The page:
Drink too much and you could lose your mind ... for good
A study shows that almost six in 10 dementia diagnoses before the age of 65 are linked to heavy drinking
The majority of cases of early-onset dementia are now caused by alcohol, major research suggests.
A study of more than one million dementia sufferers, published in the journal The Lancet Public Health, shows almost six in 10 diagnoses before the age of 65 are linked to heavy drinking.
Experts said the study showed the burden of disease linked to alcohol was “much larger than previously thought”.
The study tracked more than 31 million patients discharged from hospitals in France between 2008 and 2013, including 1.1 million cases of dementia. Of those, 57,353 patients received their diagnosis before the age of 65.It found 39% of cases were suffering from alcohol-related brain damage, while a further 18% of sufferers had already been diagnosed as suffering from an alcohol problem. Overall, patients diagnosed with an alcohol use disorder had three times the risk of dementia at any age.
The study, by the Translational Health Economics Network in Paris, based at the Sorbonne, did not examine the impact of moderate alcohol intake.
NHS guidance already warns that there is “no safe level of alcohol consumption” when it comes to dementia, with one in three cases of Alzheimer’s disease linked to lifestyle. But experts said more should be done to tackle drinking levels across the population.
“Our findings suggest that the burden of dementia attributable to alcohol use disorders is much larger than previously thought, suggesting that heavy drinking should be recognised as a major risk factor for all types of dementia,” the study’s authors said.Dr Michael Schwarzinger, the lead researcher, said the increased risk was likely to be explained by the fact alcohol could cause “permanent structural and functional brain damage”. He said: “A variety of measures are needed, such as reducing availability, increasing taxation and banning advertising and marketing of alcohol, alongside early detection and treatment of alcohol use disorders.”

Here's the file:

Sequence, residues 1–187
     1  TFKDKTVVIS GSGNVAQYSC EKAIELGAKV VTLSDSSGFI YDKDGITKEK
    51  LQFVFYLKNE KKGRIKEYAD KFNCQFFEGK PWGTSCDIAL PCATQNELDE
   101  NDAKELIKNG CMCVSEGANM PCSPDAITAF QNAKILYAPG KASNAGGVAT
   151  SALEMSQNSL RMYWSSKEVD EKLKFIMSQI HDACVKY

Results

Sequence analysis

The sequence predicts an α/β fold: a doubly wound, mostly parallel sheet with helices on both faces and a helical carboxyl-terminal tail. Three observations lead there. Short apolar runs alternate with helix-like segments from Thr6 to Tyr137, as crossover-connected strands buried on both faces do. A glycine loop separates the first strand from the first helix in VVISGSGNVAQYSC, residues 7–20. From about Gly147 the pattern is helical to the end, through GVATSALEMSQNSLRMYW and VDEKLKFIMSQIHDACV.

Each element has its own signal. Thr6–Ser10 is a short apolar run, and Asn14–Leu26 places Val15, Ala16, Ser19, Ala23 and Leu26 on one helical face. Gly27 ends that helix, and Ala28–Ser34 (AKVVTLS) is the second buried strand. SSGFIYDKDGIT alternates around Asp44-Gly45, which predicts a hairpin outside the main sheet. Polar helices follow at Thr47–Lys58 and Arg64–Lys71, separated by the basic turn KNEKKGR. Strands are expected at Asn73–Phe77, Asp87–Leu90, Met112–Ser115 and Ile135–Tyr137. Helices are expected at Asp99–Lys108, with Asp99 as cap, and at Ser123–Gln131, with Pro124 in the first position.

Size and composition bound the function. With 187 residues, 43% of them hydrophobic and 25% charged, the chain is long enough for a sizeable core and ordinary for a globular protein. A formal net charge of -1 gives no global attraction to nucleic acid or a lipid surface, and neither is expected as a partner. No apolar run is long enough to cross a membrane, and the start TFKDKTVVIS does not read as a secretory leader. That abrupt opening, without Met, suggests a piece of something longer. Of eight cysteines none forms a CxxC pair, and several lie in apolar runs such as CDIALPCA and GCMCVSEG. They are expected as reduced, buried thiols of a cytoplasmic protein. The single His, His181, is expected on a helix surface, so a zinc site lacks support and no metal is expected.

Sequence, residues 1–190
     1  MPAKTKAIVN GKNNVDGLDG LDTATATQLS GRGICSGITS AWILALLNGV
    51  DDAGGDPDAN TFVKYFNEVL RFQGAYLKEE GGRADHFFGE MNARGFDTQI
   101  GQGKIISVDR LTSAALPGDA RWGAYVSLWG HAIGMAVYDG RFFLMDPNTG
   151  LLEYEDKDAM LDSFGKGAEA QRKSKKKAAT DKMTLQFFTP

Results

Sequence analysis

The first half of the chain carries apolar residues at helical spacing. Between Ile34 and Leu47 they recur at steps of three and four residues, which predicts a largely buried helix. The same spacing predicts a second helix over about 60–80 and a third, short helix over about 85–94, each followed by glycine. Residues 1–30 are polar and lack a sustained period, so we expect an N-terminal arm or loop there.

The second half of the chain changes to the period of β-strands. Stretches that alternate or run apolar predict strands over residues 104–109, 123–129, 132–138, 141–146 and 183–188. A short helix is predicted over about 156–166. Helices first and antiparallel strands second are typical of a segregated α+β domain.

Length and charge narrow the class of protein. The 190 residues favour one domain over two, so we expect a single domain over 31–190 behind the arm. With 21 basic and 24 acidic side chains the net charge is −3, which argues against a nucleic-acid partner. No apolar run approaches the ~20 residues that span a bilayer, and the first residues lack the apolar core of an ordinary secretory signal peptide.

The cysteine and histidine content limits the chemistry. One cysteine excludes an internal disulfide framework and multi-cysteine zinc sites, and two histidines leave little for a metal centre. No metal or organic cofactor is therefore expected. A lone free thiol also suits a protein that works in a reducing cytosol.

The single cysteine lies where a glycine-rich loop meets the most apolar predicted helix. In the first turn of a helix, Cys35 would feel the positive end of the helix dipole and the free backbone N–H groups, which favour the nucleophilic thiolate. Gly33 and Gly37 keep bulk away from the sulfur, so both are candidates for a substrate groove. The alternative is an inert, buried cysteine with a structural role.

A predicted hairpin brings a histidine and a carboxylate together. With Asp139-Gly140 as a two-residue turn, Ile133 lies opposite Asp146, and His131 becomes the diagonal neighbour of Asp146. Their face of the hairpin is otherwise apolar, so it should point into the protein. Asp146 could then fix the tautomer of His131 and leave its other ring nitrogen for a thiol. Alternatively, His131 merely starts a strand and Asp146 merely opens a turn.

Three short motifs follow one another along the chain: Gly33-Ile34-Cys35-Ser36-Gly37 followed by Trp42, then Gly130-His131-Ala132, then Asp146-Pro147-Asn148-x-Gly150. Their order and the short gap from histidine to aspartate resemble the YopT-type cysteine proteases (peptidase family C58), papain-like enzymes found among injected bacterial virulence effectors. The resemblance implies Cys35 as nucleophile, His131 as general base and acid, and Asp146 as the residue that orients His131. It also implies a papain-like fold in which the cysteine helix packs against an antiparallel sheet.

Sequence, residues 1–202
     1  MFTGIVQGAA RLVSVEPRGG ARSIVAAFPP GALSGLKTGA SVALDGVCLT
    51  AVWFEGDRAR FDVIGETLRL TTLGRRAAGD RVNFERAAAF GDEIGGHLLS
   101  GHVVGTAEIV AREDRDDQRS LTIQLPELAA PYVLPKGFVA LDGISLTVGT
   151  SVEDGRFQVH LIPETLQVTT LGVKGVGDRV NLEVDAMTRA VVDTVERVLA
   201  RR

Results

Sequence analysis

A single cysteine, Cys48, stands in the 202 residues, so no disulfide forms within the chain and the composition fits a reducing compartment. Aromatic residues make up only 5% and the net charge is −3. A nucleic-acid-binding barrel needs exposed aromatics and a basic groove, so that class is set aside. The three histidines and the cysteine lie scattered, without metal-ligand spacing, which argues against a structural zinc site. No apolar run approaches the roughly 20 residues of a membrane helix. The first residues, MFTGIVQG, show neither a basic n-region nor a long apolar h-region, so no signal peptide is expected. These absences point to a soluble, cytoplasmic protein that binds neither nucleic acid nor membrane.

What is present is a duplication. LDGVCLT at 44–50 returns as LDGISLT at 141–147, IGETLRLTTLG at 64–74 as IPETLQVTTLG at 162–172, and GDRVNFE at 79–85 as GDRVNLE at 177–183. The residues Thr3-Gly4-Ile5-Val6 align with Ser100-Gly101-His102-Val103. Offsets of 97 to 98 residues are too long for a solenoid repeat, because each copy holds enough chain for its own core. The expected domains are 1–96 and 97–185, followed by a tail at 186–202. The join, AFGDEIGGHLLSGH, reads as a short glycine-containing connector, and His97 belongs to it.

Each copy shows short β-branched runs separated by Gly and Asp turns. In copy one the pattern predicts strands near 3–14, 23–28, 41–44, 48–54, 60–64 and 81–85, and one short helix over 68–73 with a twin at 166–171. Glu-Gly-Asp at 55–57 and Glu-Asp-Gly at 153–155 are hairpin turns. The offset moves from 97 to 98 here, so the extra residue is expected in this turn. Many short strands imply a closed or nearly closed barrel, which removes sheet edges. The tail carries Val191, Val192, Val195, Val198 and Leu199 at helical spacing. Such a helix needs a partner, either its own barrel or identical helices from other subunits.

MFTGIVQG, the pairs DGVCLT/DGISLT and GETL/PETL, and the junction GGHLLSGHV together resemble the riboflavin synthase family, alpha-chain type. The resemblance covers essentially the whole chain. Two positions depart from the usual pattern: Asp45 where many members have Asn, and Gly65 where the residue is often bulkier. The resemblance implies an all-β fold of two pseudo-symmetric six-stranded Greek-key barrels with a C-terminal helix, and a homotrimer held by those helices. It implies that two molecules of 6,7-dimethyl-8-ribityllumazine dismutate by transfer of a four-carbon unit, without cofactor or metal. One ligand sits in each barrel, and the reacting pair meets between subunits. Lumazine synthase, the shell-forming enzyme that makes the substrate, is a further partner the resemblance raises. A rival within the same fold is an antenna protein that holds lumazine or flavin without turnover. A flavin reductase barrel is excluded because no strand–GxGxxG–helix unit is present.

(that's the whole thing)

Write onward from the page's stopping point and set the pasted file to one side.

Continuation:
Dr Sara Imarisio, the head of research at Alzheimer’s Research UK, said: “The findings lend even more weight to calls for people to drink within recommended guidelines. As this study only looked at the people who had been admitted to hospital due to chronic heavy drinking, it doesn’t reveal the full extent of the link between alcohol use and dementia risk.
“Previous research has indicated that even moderate drinking may have a negative impact on brain health and people shouldn’t be under the impression that only drinking to the point of hospitalisation carries a risk.”
– © The Daily Telegraph
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